andrew schneider investigates

March 16, 2009

What kind of justice does Libby want from the criminal trial of W.R. Grace?

Filed under: Asbestos,EPA,Government & corporate wrong-doing,W.R. Grace,Worker Safety — Andrew Schneider @ 21:04

As a reporter for the Seattle Post-Intelligencer, I broke the story of the asbestos poisoning of Libby, Mont ., 10 years ago.  Tonight, the paper prints its final edition, which means I won’t be able to write about the outcome of the W.R. Grace criminal trial for the newspaper that first revealed what happened to Libby and its people.

I’m going to try to keep up with the trial on this blog. But I thought I’d share with you the final post I wrote for the PI: What the people of northwestern Montana that I’ve spent a decade covering hope they will see coming out of the federal courtroom in Missoula.

* * * * * * * *

Of course I’m sad that Les Skramstad has passed on.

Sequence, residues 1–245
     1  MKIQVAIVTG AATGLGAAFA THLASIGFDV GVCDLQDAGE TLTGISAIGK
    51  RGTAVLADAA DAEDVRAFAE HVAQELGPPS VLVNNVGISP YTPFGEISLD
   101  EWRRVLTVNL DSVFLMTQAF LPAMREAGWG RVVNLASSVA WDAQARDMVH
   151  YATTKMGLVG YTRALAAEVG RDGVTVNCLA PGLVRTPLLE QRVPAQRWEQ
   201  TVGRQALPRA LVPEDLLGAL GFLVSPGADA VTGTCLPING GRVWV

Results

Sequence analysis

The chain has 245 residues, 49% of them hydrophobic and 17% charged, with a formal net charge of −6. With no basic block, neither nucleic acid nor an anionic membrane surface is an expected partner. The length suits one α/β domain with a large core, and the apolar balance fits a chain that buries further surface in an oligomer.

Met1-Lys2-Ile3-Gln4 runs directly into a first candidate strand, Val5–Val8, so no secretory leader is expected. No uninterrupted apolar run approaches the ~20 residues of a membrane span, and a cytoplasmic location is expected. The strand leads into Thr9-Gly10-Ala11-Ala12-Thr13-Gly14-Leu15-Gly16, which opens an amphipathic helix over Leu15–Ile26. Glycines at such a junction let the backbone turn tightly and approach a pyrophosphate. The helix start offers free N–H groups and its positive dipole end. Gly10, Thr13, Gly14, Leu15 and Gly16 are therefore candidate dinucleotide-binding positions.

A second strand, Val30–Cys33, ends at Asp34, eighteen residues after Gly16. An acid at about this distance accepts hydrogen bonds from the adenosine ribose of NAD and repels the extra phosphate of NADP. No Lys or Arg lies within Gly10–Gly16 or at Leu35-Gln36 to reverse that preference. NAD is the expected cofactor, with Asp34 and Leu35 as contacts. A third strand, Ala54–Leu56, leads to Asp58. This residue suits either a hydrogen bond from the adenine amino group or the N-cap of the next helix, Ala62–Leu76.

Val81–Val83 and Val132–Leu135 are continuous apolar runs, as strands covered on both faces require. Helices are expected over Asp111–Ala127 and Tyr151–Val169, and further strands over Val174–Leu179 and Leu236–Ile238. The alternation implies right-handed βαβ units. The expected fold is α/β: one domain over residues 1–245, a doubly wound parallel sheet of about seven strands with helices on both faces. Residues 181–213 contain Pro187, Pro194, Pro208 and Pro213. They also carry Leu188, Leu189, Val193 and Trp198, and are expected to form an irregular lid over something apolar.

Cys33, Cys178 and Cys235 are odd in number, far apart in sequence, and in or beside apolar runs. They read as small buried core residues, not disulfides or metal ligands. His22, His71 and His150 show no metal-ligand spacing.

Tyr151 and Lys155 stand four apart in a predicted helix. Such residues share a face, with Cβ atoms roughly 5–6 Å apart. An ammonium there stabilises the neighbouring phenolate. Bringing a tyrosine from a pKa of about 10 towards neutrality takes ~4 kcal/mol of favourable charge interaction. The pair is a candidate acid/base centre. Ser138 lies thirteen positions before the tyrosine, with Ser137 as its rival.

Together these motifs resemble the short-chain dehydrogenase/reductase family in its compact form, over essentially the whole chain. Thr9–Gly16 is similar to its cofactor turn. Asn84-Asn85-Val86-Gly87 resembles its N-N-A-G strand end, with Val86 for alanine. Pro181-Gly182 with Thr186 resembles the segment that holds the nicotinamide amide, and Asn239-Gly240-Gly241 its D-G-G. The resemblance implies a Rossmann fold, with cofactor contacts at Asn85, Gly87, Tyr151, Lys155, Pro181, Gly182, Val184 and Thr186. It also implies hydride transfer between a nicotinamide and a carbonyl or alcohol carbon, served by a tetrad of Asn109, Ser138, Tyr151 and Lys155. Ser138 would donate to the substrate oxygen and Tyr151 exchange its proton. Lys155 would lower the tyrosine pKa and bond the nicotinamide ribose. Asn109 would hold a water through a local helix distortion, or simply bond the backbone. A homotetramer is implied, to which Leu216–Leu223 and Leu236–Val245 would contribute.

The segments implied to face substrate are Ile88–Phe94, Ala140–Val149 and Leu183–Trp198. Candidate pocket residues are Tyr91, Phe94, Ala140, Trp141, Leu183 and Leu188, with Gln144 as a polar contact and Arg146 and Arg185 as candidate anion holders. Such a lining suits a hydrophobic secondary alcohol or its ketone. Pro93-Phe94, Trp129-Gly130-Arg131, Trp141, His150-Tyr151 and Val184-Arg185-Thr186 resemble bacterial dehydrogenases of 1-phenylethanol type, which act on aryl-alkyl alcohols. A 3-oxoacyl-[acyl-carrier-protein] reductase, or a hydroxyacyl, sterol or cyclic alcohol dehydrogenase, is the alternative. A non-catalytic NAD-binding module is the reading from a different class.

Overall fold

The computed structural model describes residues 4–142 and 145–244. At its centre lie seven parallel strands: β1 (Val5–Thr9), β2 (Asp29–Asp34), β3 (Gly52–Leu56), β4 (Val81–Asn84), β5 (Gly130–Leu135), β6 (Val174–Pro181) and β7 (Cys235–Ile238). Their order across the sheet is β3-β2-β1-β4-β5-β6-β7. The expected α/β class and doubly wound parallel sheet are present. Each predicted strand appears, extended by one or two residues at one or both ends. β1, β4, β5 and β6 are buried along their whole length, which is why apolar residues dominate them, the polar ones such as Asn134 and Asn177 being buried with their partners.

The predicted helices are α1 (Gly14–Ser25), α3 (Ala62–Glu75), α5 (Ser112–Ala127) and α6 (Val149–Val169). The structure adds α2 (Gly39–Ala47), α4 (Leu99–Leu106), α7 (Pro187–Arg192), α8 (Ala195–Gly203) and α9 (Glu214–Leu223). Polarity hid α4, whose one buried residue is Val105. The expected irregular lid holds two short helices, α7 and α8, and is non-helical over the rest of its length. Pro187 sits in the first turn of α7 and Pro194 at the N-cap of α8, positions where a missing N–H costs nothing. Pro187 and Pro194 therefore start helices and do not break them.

No one should have to suffer the slow suffocation caused by years of sucking in needle-sharp fibers of asbestos that fester until their lungs are too rigid to gulp the air needed to breathe, or they drown in their own fluids.

Les told me that he’d give up a year of his fleeting life just to sit in the front row of hard, wooden benches in Judge Donald Molloy’s courtroom and watch justice delivered to W.R. Grace and five of its former VPs’ and top managers.

Les and EPA criminal investigators

Les and EPA criminal investigators

He just didn’t have that year to trade. And I don’t think the lanky cowboy would be really happy sitting there anyhow. He might have gotten some satisfaction glaring at men who, according to thousands of Grace documents, knew that the miners on Zonolite Mountain – Grace ‘s miners, the men who dragged tainted vermiculite out of the earth – were being exposed to high levels of asbestos and would most likely die because of it.

Les wanted to watch them swing. He anguished over the unbearable knowledge that on his work clothes, he brought that poison from the mine into his home and into the lungs of his wife, Norita, and three of his children. He wanted the death penalty for them, and he offered to build the gallows.

He was standing by the courthouse steps in Missoula on Feb. 7, 2005, when U.S. Attorney Bill Mercer read the indictment. Les sat on a chilled concrete bench beside two EPA investigators who patiently explained what the criminal charges were and why they were filed under the Clean Air Act.